I’m Not Working Enough Hours

I’m Not Working Enough Hours

Helping you out if you’re not working enough hours is the core reason why SASMI exists — whether you are unemployed, underemployed or need to travel to find qualifying employment.

Unemployment Benefit

If you are out of work, or if you work less than the average number of hours in your local union and are receiving state unemployment compensation benefits, SASMI benefits can help by supplementing your pay.

This benefit is available if you are ready to work, are seeking suitable employment in the sheet metal industry, and are receiving, or are eligible to receive, state unemployment compensation.

Underemployment Benefit

If you are working fewer hours — less than the average number of hours in your local union — but you are not receiving state unemployment compensation benefits because you are ill, injured or temporarily disabled, SASMI benefits can help by supplementing your pay.

How Is the Unemployment/Underemployment Benefit Amount Calculated?

Each year, every SASMI local union is assigned to one of four groups based on the average hours worked by active employees in that local union in the prior year. The standard working hours for members of each group are shown in this table:

SASMI GroupStabilization Period A
(January 1 to June 30)
Stabilization Period B
(July 1 to December 31)
Group 1800 hours900 hours
Group 2750 hours850 hours
Group 3650 hours750 hours
Group 4600 hours700 hours

Once you know your group, you can estimate your benefit by subtracting the actual hours you worked from your group hours during that stabilization period. To find out what the group hours are for your local union, log in to the member portal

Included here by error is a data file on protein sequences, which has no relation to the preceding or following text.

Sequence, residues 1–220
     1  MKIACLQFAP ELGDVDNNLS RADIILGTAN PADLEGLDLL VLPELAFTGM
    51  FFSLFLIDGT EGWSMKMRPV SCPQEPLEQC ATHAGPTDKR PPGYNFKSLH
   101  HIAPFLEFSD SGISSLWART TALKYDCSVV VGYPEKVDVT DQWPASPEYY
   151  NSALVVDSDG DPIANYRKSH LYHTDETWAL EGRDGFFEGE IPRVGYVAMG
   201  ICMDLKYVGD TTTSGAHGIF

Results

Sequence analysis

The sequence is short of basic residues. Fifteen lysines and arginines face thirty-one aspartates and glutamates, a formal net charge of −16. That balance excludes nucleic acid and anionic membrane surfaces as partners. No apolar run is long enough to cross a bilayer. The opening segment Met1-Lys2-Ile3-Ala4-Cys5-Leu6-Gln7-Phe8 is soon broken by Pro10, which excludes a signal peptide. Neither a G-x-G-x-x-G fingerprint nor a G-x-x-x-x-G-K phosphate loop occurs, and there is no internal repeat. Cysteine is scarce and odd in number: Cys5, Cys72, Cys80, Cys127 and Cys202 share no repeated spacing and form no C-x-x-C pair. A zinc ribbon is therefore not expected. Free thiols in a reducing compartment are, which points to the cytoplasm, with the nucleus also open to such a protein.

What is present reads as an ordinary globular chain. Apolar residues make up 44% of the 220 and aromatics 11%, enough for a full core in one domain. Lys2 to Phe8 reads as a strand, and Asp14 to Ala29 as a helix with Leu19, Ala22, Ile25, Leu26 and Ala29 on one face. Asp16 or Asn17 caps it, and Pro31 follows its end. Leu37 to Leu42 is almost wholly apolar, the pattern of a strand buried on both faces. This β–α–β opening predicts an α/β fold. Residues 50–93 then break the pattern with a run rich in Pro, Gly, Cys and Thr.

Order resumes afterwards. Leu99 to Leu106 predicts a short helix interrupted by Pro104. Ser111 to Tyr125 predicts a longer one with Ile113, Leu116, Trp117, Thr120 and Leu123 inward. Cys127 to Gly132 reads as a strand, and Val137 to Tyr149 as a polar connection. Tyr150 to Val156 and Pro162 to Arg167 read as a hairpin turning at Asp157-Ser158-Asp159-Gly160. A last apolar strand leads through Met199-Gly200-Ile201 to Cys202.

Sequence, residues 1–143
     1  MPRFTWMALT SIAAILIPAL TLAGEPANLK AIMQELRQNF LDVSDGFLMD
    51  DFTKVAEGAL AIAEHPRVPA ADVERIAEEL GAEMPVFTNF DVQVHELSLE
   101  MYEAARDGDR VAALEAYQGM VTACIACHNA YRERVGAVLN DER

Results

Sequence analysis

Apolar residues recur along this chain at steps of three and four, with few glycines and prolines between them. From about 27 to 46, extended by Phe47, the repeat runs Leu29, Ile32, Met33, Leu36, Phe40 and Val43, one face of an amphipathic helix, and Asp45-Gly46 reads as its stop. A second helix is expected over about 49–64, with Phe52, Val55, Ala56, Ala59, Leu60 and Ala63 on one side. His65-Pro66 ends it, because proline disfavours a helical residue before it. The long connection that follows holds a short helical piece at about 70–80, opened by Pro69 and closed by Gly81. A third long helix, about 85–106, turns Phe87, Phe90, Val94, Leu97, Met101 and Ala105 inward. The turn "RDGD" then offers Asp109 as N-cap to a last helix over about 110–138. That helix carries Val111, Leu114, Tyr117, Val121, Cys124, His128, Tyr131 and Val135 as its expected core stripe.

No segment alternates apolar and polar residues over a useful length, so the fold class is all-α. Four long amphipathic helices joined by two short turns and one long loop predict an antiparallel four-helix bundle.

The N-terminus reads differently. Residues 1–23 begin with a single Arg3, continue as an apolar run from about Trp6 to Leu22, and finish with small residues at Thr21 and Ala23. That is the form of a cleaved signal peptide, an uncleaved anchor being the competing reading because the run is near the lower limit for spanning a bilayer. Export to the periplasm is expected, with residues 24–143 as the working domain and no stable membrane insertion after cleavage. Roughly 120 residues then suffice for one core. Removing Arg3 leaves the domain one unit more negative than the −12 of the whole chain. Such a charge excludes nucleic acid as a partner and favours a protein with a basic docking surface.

The maximum combined unemployment/underemployment benefits you can receive for a stabilization period is 190 times your average hourly wage rate (or the amount of your average earnings used in computing your state unemployment benefits — whichever is less).

Example

Let’s say your average wage rate is $30 per hour and your home local union is classified in Group 3 (which means you are expected to work 650 hours from January 1 through June 30), making your expected earnings $19,500.

However, let’s say you end up working only 500 hours and earning only $15,000 ($30 multiplied by 500 hours).

$19,500 minus $4,500 = $15,000 (before taxes and any offsets)

Welfare Benefit

When a lack of hours threatens your health insurance coverage, SASMI will make payments to your local union health plan on your behalf to continue coverage for you and your family. Note that SASMI does not pay to establish eligibility.

Travel Benefits

If you are an active member in good standing and have been referred through the International Job Bank, you may be eligible for a travel benefit through SASMI. This benefit can pay you up to $1,125 if you need to travel for work because you are unemployed or threatened with unemployment in your home local union.

Depending on where the work is, you must agree to work a minimum number of days (if the work is available) in order to receive this benefit:

  • If the work is less than 1,000 miles away, you must agree to work at least 30 working days within 42 consecutive calendar days.
  • If the work is at least 1,000 miles away, you must agree to work at least 60 working days within 84 consecutive calendar days.

Death Benefits

If you have five years of future service credit with a minimum of one hour of paid contributions after January 1, 2010 and you were eligible when you die, your beneficiary may be eligible for a death benefit, as shown in the chart below.

Years of Future Service CreditBenefit Amount
5 – 9.5
$5,000
10 – 14.5$10,000
15 – 19.5$20,000
20 – 24.5$30,000
25 – 29.5$40,000
30 or More$50,000